Published in the journal Nano Today, researchers have developed water-treading soft machines that can be remotely controlled by light.
Study: Bioinspired light-fueled water-walking soft robots based on liquid crystal network actuators with polymerizable miniaturized gold nanorods. Image Credit: wiklander/Shutterstock.com
Here, researchers coupled an extremely hydrophobic buoyant surface with multi-level nanostructures and light-powered soft actuation legs. This was produced by incorporating polymerizable miniaturized gold nanorods (MiniGNR nanomonomer) on-site in liquid crystal network (LCN)-based soft actuators.
Water-Walking Soft Robots
Inspired by soft-body sea creatures, substantial attempts have been undertaken to develop water-based soft bots that use body-shape-altering mobility to provide exceptional movement capability and mimic functionality.
Compared to traditional robots consisting of stiff elements, water-based soft robots constructed of stimuli-sensitive soft substances do not always depend on joint actuation or synchronized movement of interconnected limbs.
In this context, a variety of soft materials, including hydrogels, shape-memory polymeric materials, and liquid crystal polymers have been used to create water-based soft robots that can be actively driven by various triggers, including light, electric or magnetic field, and biohybrid activation.
Optimizing the Liquid Crystal Network
Light-powered water-treading soft machines are still being researched. Having unlimited controllability, these soft robots need the development of light-powered soft activators with quick photoresponsiveness and excellent actuating effectiveness.
Photoactivators predicated on liquid crystal polymeric complexes, like the liquid crystal network (LCN), should distinguish themselves as some of the most attractive choices in this area owing to their reversible actuating ability and structure changing programmability.
One effective approach for endowing LCN-based soft activators with outstanding photoresponsiveness is to integrate the LCN polymeric matrices with diversified opto-thermal nanomaterials such as carbon-based nanomaterials and metallic nanoparticles, where the on-site heat energy transformed from the absorbed light can stimulate the nematic-to-isotropic or order-disorder phase change of LCN and resulting repairable shape change.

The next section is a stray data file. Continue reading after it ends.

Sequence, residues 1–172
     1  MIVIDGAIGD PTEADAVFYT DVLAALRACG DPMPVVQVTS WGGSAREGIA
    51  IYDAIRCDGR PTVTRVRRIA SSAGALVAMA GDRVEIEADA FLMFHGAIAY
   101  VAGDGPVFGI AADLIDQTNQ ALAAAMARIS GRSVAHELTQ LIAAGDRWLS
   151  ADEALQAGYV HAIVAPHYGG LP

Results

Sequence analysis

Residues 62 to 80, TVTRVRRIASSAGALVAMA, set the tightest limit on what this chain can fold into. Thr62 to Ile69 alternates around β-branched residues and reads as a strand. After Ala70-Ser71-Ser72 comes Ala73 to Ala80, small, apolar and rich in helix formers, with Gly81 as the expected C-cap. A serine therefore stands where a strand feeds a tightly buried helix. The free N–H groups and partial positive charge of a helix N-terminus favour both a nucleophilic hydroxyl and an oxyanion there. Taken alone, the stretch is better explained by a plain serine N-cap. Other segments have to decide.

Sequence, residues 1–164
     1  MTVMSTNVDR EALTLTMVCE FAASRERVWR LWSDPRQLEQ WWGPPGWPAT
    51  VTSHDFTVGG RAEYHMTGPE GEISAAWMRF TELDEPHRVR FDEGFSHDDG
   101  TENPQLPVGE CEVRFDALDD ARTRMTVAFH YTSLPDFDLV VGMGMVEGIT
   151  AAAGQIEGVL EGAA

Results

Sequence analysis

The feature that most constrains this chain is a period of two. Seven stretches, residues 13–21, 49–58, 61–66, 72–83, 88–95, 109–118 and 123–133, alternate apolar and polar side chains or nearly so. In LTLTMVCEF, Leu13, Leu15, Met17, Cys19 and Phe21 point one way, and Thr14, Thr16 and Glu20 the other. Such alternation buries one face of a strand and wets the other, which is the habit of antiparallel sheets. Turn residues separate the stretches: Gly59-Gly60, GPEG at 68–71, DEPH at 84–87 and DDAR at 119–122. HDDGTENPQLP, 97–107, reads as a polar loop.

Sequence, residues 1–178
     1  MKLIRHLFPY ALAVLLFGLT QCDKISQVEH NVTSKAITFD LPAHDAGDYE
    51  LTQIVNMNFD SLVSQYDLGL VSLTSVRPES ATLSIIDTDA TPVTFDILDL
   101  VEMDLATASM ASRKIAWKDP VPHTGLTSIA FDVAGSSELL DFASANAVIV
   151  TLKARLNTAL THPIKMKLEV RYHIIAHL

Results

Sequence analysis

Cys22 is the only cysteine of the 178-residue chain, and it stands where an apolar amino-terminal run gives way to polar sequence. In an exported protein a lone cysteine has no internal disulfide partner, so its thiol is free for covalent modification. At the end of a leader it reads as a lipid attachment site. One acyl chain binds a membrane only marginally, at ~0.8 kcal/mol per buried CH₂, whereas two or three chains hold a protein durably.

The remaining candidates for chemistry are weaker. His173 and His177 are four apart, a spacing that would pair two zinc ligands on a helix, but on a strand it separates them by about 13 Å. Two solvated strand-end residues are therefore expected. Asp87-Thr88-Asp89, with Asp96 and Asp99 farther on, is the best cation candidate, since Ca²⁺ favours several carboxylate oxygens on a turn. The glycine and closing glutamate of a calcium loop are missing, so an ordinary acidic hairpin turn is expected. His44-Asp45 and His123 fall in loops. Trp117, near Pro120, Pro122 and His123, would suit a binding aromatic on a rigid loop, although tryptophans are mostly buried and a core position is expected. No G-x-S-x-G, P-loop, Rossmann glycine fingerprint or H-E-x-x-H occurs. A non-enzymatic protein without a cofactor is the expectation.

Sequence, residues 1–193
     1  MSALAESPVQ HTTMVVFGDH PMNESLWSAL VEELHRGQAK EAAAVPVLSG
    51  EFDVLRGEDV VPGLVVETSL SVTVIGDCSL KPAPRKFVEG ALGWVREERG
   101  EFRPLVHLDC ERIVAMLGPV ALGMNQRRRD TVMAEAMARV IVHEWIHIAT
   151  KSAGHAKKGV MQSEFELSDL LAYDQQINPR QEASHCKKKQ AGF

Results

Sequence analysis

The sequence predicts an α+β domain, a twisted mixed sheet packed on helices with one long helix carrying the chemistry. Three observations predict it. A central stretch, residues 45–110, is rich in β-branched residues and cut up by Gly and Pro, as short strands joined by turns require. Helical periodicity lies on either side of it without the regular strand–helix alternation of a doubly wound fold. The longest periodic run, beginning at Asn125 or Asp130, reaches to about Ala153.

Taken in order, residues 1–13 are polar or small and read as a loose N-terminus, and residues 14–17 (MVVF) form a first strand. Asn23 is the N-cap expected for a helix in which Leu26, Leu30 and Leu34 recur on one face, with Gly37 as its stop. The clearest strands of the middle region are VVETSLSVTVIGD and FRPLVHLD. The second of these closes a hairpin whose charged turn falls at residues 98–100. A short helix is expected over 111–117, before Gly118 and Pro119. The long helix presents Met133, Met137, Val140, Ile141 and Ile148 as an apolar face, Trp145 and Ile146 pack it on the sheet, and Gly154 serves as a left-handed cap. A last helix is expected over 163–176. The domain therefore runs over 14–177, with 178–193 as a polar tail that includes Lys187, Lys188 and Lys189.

The Use of Gold Nanorods
Gold nanorods (GNRs) have been identified as really prospective optothermal nanoscale agents owing to their exceptional capacity to effectively transform light irradiation into localized heat via a non-radiating relaxing mechanism known as localized surface plasmon resonances (LSPR).
Traditional GNRs-incorporated LCN soft activators have many fundamental shortcomings, including low miscibility in liquid crystal frameworks, a large light energy input demand, and a relatively sluggish photoresponse time.
It is highly desired to produce GNRs-incorporated soft actuators with quick photoresponse and strong actuating capabilities for light-powered water-treading soft robots.
Key Findings of the Study
In this study, biologically inspired water-treading soft bots controllable by light were conceived and built by combining an extremely hydrophobic buoyant surface with multi-layer nanostructures and light-powered soft-actuating legs comprised of MiniGNR-LCN soft activators.
The uniqueness and relevance of the developed soft robots are highlighted by several features. For example, the LCN soft actuators integrated with unique polymerizable MiniGNR nanomonomer display quick photoresponsiveness, serving as sturdy driving limbs to enable effective forward movement on the surface of water.
Incorporating an extremely hydrophobic surface enables the soft machines with weight-carrying and drag-minimizing capability, facilitating fast water-walking mobility.
Finally, the tunable photoresponse of MiniGNR nanomonomer could be implemented for producing omni-directional water-treading soft machines with visible and infrared wavelength-specific controllability.
After cyclic NIR irradiation, the team's single-legged soft robot was able to walk in one direction on the water surface via horizontal momentum transfer of light-induced actuating force to the water. The contact angle of the super-hydrophobic surface was discovered to have a considerable influence on water-treading speed, and high hydrophobicity is critical for a rapid and stable light-powered water-walking process.
The researchers presented a three-legged water walking soft robot that can perform visible and infrared wavelength-reliant omni-directional movements by designing and fabricating MiniGNR-LCN soft actuators with varying photoresponses.
It is noteworthy that the three-legged soft machine could carry out more complicated movements when subjected to combined light irradiations of various wavelengths, since the movement direction and pace of the three-legged soft bot are closely connected to the light-generated actuating force of three moving legs, which is defined by the intensities and wavelengths of respective light sources.
This research might give a new boost in the advancement of unattached water-based soft robots with advanced spatiotemporal activation, which could find varied potential uses in the offshore industry, environmental monitoring, and future ocean exploration.
Yang, X., et al. (2022). Bioinspired light-fueled water-walking soft robots based on liquid crystal network actuators with polymerizable miniaturized gold nanorods. Nano Today, 43. Available at: https://www.sciencedirect.com/science/article/pii/S1748013222000469?via%3Dihub